SUBMITTED PHOTO - University of Portland senior and Canby High alumnus Eddie Sanchez led his team to a West Coast Conference title and earned WCC Player of the Year honors.
University of Portland men’s soccer player Eddie Sanchez achieved individual success at the collegiate level instantaneously.

He won West Coach Conference Freshman of the Year honors in 2013, led the team with 12 goals and finished with the most points in league (27).

Although he continued to play at an all-league level his sophomore and junior years, injuries and a continued lack of team success faded the luster of his initially illuminating start.

But in his final year of eligibility, he not only topped his freshman season performance but also led the Pilots to their best season in over a decade.

The Pilots garnered their first WCC title since 2002 and Sanchez received League Player of the Year honors.

Like a famous actor who wins an Oscar in his or her first blockbuster flick, Sanchez felt pressure to top his scintillating freshman season performance.

But opposing teams utilized an entire season’s worth of film to dissect Sanchez game and swayed their tactics toward stopping him. So Sanchez had to play much better to achieve the same results and nagging groin and hamstring injuries kept him from reaching his apex his sophomore and junior seasons.

“People talk about sophomore slumps and all that stuff. It was difficult because people try to understand the way you play, watch video on you. Players know how to play against you. It becomes difficult and you try to work around it,” Sanchez said.

Again, Sanchez continued to play well. He scored five goals in each of the two seasons and 24 combined points. But that didn’t match his 27-point output his freshman year.

Meanwhile, University of Portland finished with just one conference win in his sophomore and junior seasons combined.

The push to league supremacy began when University of Portland head soccer coach Nick Carlin-Voigt took over the program last January.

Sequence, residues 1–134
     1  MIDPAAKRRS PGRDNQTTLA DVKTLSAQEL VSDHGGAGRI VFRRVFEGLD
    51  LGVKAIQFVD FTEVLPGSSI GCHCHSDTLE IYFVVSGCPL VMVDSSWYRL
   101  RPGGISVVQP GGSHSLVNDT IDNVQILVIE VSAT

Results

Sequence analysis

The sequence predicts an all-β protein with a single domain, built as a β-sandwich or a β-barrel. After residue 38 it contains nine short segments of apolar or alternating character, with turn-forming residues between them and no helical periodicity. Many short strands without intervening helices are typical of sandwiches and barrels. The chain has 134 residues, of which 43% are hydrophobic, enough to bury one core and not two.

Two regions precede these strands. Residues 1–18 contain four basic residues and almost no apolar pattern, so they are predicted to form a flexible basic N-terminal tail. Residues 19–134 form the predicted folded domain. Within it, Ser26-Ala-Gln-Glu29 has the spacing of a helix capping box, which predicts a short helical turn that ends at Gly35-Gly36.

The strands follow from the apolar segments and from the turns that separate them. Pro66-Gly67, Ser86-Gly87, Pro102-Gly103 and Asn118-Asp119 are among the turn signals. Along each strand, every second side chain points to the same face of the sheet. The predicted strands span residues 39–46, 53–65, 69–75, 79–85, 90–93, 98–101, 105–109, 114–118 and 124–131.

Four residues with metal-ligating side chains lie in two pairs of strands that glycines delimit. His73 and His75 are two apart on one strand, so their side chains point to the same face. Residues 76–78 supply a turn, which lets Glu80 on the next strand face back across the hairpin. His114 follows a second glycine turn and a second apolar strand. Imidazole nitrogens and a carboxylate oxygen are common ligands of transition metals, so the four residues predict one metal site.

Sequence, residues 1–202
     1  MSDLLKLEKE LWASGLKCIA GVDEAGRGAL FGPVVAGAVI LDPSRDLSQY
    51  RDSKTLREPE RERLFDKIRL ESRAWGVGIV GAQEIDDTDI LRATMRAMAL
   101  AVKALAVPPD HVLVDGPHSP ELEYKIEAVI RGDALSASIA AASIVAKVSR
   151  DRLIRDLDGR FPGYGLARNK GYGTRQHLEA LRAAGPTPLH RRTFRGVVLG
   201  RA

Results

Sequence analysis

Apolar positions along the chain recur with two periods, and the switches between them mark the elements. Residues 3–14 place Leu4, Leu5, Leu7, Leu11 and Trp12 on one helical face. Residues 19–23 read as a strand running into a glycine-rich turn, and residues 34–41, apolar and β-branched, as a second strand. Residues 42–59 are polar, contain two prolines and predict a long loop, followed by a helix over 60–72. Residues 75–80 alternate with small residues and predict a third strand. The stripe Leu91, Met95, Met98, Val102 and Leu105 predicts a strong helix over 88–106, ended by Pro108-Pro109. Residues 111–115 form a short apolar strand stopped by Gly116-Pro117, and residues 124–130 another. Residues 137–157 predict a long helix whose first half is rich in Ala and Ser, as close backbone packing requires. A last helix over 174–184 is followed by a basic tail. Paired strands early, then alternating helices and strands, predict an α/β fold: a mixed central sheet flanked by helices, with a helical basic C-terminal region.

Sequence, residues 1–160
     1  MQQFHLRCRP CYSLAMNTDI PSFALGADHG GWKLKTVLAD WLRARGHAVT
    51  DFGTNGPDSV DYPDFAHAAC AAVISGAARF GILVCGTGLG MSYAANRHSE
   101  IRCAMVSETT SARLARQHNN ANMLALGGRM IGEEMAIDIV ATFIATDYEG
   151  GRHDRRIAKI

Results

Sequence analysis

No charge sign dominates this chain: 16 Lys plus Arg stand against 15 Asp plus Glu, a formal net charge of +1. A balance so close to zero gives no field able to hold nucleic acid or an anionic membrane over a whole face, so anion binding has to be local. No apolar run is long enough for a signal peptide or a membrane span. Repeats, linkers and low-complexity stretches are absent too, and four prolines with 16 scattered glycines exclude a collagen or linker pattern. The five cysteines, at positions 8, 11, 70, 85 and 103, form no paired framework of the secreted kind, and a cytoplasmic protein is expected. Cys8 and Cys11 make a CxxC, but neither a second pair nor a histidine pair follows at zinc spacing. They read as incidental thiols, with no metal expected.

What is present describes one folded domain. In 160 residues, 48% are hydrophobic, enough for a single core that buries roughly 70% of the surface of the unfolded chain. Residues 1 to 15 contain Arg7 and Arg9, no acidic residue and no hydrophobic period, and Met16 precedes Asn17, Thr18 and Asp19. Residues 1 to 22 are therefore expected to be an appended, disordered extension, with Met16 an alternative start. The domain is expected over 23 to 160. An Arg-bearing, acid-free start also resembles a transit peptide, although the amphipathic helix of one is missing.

Sanchez says the team’s playing style didn’t change much with Carlin-Voigt at the helm but its culture did. The team dined together more often, performed more activities outside of practice and felt more connected.

“He did a really good job of bringing us together, helping us believe in each other and trusting one another. It brought us together as a family,” Sanchez said.

Carlin-Voigt immediately identified Sanchez’ uncanny technical skills and scoring prowess.

But he expects inimitable effort and commitment from his best players and demanded Sanchez meet his requirements.

“When I got here I believed my philosophy is that the top players need to have the most demanding standards. A lot of coaches let their best players float and do what they want. My mindset was ‘We are going to go where he goes,’” Carlin-Voigt said.

So he trained Sanchez hard – upping his fitness level and attention to detail, honing his pressure defense, pouring over film with him and making him aware that he couldn’t take anything for granted.

Sanchez adhered and the two developed a strong relationship.

“Eddie is fiercely loyal and is a great competitor. He’s always supported my coaching style and everything we’ve been teaching and preaching. His values of loyalty, family, community are great core values,” Carlin-Voigt said.